Retirees need to have at least some of their money invested in the market, but that can be easier said than done if you don't like picking stocks or are worried about the volatility in the current market due to COVID-19.

The good news is, you don't have to find yourself with a second career as a stock expert in retirement to ensure you've got sufficient equity exposure in a well-balanced portfolio that presents a reasonable level of risk. You can just invest in index funds instead. 

Index funds are investments that track market indexes, generally by investing in all of the components included in whatever index they're tracking. There are index funds that track the performance of the S&P 500, the Nasdaq, large caps or small caps, international stocks, specific industries, and even bonds. Here are three reasons why buying into some of them can be the ideal move for part of your retirement account money. 

Jar full of coins labeled retirement with clock and coins sitting next to it.

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1. Index funds limit risk and make diversification easy

Retirees can't afford to take a lot of risk because most will need their money soon, don't have forever to wait for a market recovery if a crash happens, and can't just go back to work to make more money if they sustain investment losses. 

It's possible to limit risk by investing in individual stocks if you take the time to ensure your portfolio is balanced and that you don't over-invest in any one particular company or industry. But that can take more effort than retirees want to expend. If you want to reduce the chances of losses and easily diversify your portfolio by making just one or two purchases, index funds can make that happen.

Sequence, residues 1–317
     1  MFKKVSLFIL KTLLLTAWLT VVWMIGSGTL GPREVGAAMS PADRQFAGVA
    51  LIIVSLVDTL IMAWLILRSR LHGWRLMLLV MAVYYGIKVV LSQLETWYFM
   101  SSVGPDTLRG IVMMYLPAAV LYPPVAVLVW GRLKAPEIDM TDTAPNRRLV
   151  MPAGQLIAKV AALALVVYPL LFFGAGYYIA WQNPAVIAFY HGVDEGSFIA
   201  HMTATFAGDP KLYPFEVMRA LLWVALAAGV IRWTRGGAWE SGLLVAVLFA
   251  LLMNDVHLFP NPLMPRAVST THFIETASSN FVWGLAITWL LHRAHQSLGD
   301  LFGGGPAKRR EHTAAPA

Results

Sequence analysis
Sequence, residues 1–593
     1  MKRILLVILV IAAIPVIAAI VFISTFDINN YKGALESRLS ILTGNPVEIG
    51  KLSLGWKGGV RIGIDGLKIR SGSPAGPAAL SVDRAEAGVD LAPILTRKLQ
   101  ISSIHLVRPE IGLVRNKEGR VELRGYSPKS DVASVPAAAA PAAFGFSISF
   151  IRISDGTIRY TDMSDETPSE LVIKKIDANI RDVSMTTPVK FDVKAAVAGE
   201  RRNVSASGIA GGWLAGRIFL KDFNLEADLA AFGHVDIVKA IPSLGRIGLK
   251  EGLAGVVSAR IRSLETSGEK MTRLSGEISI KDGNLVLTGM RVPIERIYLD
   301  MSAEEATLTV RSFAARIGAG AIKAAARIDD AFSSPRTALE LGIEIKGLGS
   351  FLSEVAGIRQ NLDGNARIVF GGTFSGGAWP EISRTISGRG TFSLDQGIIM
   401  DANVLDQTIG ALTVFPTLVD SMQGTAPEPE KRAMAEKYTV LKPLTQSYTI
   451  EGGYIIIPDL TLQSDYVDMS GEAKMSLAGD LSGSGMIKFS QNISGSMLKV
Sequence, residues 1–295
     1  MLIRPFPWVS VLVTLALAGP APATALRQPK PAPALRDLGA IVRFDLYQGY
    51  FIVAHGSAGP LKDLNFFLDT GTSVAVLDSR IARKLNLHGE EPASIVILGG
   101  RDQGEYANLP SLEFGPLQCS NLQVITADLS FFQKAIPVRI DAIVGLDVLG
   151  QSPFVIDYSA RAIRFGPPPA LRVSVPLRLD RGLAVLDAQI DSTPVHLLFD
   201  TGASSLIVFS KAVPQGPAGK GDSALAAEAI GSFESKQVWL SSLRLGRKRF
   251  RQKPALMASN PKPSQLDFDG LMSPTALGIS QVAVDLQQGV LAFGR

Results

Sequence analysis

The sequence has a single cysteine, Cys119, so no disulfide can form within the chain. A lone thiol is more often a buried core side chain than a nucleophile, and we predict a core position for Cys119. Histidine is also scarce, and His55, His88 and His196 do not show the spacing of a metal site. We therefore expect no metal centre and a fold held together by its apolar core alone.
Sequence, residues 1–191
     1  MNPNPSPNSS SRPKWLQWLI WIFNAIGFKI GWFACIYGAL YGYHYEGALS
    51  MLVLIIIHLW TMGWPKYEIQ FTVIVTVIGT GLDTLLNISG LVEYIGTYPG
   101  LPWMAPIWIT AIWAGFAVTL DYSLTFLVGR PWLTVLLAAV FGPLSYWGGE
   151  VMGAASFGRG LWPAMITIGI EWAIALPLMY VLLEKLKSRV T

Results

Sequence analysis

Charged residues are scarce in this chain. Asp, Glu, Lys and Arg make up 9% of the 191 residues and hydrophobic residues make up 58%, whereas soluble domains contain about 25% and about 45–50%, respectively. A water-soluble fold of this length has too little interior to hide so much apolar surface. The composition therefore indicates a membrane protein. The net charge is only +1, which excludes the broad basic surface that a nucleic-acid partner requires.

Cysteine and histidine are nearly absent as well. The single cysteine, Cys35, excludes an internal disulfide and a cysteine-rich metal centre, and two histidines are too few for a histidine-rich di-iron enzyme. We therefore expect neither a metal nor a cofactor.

You could invest in an S&P 500 index fund and a bond index fund and would have a pretty diversified portfolio that presents a limited risk since you'd own a mix of bonds and stock in 500 of the largest publicly traded companies on the U.S. market.

2. You don't need to be an expert investor or devote a lot of time to managing investments

Picking stocks can sometimes enable you to beat the market and earn amazing returns -- if you are willing to put in the time to research buying opportunities and make sure the companies you're buying stock in are poised for growth. But many retirees consider stock picking to be work and don't want to spend their leisure years doing another "job." 

If you don't enjoy picking stocks or don't have the know-how to do so, index funds make investing virtually effortless. Sure, you'll need to research your options and find a balanced mix of funds that charge low fees, but this takes minutes rather than hours.

3. Index funds charge low fees

Investment fees can always eat into your portfolio, but this becomes an even bigger problem when you're a retiree on a fixed income.

If you don't want to spend a ton of money paying a professional fund manager to pick investments for you, index funds are the way to go. Since index funds just invest in the stocks they need to in order to track an index, there's no need to pay the high costs often associated with having a financial professional personally choose investments. 

Are index funds right for you?

Index funds aren't right for everyone. If you enjoy picking stocks and are willing to put in the time, you can often do better by building a portfolio yourself of companies you believe in.

But if you simply don't want to be bothered with making investment decisions in your later years, putting an appropriate portion of your portfolio into index funds is an easy solution to making sure you have sufficient equity exposure as a retiree. 

This article represents the opinion of the writer, who may disagree with the “official” recommendation position of a Motley Fool premium advisory service. We’re motley! Questioning an investing thesis -- even one of our own -- helps us all think critically about investing and make decisions that help us become smarter, happier, and richer.